Huawei Technologies revealed on Wednesday a new database management product, in an offer to grow its enterprise business and challenge Western opponents such as Oracle Corp in China, in rising scrutiny over its main telecom business.
The Shenzhen-based firm, also known for making mobile phones and telecom equipment, claims its recently produced database utilizes artificial intelligence competences to develop tuning performance, a process that usually involves human administrators, by more than 60 percent.
Huawei said in a report its new database management software, called GaussDB, is supported by artificial intelligence and works locally as well as on clouds.
The move comes in the midst of rising international scrutiny over Huawei’s main telecom equipment business as Washington attempts to convince its partners that Huawei posed national security risks.
Huawei is attempting to expand its nascent enterprise service business, a sector accounting for about 10 percent of its revenue, while its mobile phone business continues to raise its share in a dwindling worldwide market.
Industry consultancy IDC said in a announcement this month that China’s cloud system and management software market is anticipated to rise to $650 million in 2023 from $105 million in 2018 driven by rising request for cloud service. Huawei is the biggest player with one fifth of the market, closely followed by U.S. company VMware.
IDC analyst Thomas Zhou said, “Traditionally, the database market in China is dominated by relationship database, and that market is dominated by foreign players such as Oracle, IBM and Microsoft. But this is changing in recent years because of the rapid growth of public cloud services, with many enterprises migrating to the cloud, they also turn to cloud-based databases.”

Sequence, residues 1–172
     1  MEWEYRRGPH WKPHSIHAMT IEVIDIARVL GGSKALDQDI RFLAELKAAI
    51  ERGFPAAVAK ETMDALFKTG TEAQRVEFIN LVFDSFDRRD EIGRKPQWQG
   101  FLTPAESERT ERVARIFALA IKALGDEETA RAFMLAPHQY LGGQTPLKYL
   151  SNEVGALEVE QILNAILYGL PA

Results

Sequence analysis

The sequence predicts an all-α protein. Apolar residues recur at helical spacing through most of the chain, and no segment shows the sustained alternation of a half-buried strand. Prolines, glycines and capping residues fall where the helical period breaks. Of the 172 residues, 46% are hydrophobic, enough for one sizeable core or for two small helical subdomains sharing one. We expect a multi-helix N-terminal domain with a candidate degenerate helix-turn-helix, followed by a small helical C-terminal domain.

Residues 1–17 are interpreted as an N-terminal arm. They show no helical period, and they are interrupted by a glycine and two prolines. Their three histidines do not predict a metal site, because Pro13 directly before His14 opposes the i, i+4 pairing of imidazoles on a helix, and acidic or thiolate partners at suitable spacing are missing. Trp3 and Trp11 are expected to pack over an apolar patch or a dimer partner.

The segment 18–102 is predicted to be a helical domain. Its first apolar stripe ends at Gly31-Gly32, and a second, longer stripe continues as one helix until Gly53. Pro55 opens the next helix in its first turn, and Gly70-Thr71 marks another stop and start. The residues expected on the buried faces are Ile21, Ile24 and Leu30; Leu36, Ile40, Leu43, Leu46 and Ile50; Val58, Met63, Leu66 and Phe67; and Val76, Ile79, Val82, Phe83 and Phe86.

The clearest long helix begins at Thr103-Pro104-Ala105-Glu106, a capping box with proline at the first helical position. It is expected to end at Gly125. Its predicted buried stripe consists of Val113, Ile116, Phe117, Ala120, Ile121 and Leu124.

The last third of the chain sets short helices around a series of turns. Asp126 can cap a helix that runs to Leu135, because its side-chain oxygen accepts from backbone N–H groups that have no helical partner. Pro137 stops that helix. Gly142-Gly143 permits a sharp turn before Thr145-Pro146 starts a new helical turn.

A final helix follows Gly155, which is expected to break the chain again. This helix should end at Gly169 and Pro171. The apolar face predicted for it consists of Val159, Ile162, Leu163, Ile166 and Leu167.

According to IDC, Alibaba Group is the biggest cloud service provider in China with almost 43 percent of the market and followed by Tencent Cloud.
“Huawei is unlikely to challenge Oracle’s dominant position in traditional, structured database. But that is a stagnant market. The fastest-growing market is in big data platforms,” Zhou said.
U.S. software giant Oracle previous this month cut more than 900 jobs in China – 60 percent of its employees there – as part of a company-wide reform, media outlets, including the news agency, reported.
In reply to a request by a news agency for remark, Oracle said by email, “As our cloud business grows, we will continually balance our resources and restructure our development group to help ensure we deliver the best cloud services to our customers in China.”
The Chinese recruiting platform has lately seen a surge in recently registered users who work at Oracle China. However the door is still open for new applicants as the American giant is now recruiting for above 100 positions through Boss, including many connected to cloud computing.